Cleopatra was a short-haired calico girl-kitty from Portales. She was a stray who came to be fed at Trinity Center, at a time when I was teaching a course on the Inter-Testamental Era. My students named her Cleopatra, because she always kept herself clean and beautiful. She eventually became tame enough to become a "Trinity Cat", and when classes were over for the summer, I brought her home to Clovis, where she moved right in with the other cats.

Smokey came to us as an adult stray, who just hung around and scrounged food until he got tame enough for us to catch and get to the Vet's for neutering and shots. He was all grey, with a very short dense coat. He didn't really get along with the other cats, so moved next door for his food. He got into a fight one night, and got his eye clawed, so it had to be taken out. The vet sewed his eye-socket up with bright pink nylon - it was quite striking.

Wow was a large dark tabby who hung around the back yard for a year or so, scrounging food, but for a long time was too shy to come to us. All he ever said was "Wow", so I reckoned he was telling us his name. He was very shy, and avoided the other cats. Although he was bigger than the others he was very sweet-natured and not at all aggressive, and would turn and run when they chased him off. He came down with FIV and we had him put to sleep rather than let him suffer.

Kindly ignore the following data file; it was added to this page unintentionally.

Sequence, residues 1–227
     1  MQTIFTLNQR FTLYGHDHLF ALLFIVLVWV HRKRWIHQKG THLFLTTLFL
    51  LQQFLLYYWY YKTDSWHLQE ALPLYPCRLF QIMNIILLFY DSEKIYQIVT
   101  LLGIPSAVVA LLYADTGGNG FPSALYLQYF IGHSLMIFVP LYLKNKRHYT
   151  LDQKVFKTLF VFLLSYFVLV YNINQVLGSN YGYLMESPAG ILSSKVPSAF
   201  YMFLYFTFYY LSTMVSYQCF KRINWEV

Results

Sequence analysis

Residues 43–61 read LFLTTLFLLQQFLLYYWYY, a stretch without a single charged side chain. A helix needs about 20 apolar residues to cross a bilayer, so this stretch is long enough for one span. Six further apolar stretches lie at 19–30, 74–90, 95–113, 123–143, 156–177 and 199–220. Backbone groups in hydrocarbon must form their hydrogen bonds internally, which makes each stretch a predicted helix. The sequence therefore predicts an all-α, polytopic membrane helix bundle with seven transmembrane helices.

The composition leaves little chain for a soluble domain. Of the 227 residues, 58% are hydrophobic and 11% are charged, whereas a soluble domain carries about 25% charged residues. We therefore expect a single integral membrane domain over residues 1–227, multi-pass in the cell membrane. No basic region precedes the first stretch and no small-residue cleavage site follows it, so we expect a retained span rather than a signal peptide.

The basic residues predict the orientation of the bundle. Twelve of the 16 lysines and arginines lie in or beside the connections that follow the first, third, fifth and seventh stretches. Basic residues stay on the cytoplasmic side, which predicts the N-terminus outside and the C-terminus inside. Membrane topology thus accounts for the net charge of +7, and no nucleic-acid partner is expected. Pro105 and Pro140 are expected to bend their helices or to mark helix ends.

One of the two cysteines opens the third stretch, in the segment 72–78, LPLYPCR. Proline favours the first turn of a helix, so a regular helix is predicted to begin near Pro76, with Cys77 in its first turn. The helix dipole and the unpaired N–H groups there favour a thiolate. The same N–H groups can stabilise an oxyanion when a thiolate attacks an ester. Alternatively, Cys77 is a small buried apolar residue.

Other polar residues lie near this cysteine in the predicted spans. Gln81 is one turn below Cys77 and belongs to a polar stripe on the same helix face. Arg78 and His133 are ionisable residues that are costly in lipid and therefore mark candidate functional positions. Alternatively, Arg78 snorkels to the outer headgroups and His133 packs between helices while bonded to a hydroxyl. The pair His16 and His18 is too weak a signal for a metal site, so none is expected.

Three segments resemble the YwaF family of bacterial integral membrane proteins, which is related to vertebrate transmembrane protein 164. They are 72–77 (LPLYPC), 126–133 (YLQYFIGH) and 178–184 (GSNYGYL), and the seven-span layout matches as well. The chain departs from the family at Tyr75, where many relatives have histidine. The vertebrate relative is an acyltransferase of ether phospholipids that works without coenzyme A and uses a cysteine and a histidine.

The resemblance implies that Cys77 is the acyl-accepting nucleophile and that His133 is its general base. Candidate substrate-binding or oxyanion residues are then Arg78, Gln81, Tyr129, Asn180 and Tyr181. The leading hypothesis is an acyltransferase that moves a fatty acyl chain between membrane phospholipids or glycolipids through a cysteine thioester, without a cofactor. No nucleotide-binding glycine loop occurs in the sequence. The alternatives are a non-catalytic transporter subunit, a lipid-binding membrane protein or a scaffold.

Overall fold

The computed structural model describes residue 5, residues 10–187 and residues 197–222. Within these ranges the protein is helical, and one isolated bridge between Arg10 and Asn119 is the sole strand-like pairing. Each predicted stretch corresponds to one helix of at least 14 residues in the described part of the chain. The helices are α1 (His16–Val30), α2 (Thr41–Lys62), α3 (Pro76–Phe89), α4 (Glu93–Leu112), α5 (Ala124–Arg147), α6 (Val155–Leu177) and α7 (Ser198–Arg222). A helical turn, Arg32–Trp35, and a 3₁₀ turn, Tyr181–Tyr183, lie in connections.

April was a cat from Trinity - she came to us in the month of April, hence the name. She was a calico, and only half-grown when she was killed by stray dogs.

Bear aka Scrag was an old long-haired black guy who lived up to his name. He had a chronic sinus infection, so his nose was always running. He was with us for a few years, until old age and sickness caught up with him

Big Yellow was another yellow stray who settled in with us for a while. Like most of the bigger cats, he was mild-mannered and didn't cause any trouble. He didn't seem to be ill, but one day I found him dead in the back yard.